Holly Scott, MBA, MS, LPC sees clients at Uptown Dallas Counseling. Holly is trained in the specialty of Cognitive Behavioral Therapy, and holds the position of Diplomate in the Academy of Cognitive Therapy. Holly works with clients to help them overcome challenges in their daily lives that may be preventing them from achieving happiness. She helps clients with stress management, depression, parenting, marriage counseling, and other mental health concerns. If you are looking for a counselor or therapist, explore this website to see if Holly may be able to help you. 

To make an appointment for therapy or counseling with Holly at her Uptown Dallas Counseling, you have the option of using the Online Patient Portal to register and schedule. 

Benefits of Sleep: it Cleans your Brain.

A new study from National Institutes of Health on the benefits of sleep shows sleep may actually clean the brain. Scientists have recently discovered a process by which the brain actually flushes toxins out of spaces between cells.  We are not yet sure of the significance of this information, but it may help explain why sleep and mental health are so closely related.  A summary of the study here, explains some of the findings.

benefits of sleep

Holly Scott, MBA, MS, LPC sees clients at Uptown Dallas Counseling. Holly is trained in the specialty of Cognitive Behavioral Therapy, and holds the position of Diplomate in the Academy of Cognitive Therapy. Holly works with clients to help them overcome challenges in their daily lives that may be preventing them from achieving happiness. She helps clients with stress management, depression, parenting, marriage counseling, and other mental health concerns. If you are looking for a counselor or therapist, explore this website to see if Holly may be able to help you.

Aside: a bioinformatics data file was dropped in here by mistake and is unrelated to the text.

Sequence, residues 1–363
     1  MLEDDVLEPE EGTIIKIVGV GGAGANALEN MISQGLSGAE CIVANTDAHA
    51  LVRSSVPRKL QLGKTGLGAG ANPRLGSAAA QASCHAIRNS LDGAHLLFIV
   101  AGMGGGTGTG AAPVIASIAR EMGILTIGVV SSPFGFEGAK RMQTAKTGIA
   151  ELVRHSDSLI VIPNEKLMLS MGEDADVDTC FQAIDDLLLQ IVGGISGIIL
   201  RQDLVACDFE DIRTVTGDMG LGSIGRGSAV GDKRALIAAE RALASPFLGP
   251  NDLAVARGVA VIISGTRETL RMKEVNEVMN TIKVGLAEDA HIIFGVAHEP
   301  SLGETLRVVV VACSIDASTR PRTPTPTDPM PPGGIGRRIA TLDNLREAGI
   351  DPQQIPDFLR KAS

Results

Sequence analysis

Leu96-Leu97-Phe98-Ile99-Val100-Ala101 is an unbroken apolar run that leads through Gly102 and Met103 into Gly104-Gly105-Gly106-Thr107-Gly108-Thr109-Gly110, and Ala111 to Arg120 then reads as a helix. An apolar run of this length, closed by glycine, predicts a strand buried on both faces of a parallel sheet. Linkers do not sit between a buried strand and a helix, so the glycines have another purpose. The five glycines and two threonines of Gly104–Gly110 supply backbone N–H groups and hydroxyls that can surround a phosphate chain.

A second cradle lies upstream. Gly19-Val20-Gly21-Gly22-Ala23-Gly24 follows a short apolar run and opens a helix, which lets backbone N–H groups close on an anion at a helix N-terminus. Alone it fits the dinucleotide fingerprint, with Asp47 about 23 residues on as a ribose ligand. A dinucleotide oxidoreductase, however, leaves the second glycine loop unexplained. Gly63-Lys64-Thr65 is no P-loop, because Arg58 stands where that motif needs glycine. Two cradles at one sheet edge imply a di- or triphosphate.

To make an appointment for therapy or counseling with Holly at her Uptown Dallas Counseling, you have the option of using the Online Patient Portal to register and schedule. 

Controlling Emotions: Is it possible?

This discussion about controlling emotions compares two different women’s reactions to the same event.

 

First Woman’s Reaction:  Take a Picture

controlling emotions

From Hannah Price’s collection, City of Brotherly Love

When photographer Hannah Price moved from Colorado to Philadelphia, she began to experience something new to her – catcalls from men on the street. After several catcalling episodes, she decided to take action.  She would either snap a photo of the man immediately; or she would talk with him about the incident, and then ask if she could make his portrait. Ms Price created a project called “City of Brotherly Love” from these photographs.

Ms Price states her project is not meant to be an aggressive rebuttal to the individuals in the photos. It is, she states, “just a way of trying to understand it. It was way for me to just deal with it on another level besides avoiding it. Sometimes it’s easier to … just respond….. you just start talking to people, you find out more about them than your initial [impression].”

To see the complete 17-photo collection, see the NPR blog post of Code Switch by Kat Chow.

Second Woman’s Reaction:  Send a Message

controlling emotions

Tatyana Fazlalizadeh’s original posters on Tompkins Ave. in Bedford-Stuyvesant, Brooklyn. (Stephen Nessen/WNYC)

Brooklyn artist Tatiana Fazlalizadeh’s response to her experiences in Brooklyn is very different from Ms. Price’s response with the photography project. She created posters with direct negative messages to the catcallers and posted them around her neighborhood.  Ms Fazlalizadeh states she can’t walk down her street without getting catcalled or harassed. “It happens almost daily to me where I get frustrated or annoyed or upset by something that someone has said to me or done to me outside on the street.”

Ms Fazlalizadeh used her posters to try and rally the neighborhood around her efforts to stop the cat-calling.  She hopes that by calling attention to the negative effects of this behavior, the men will change.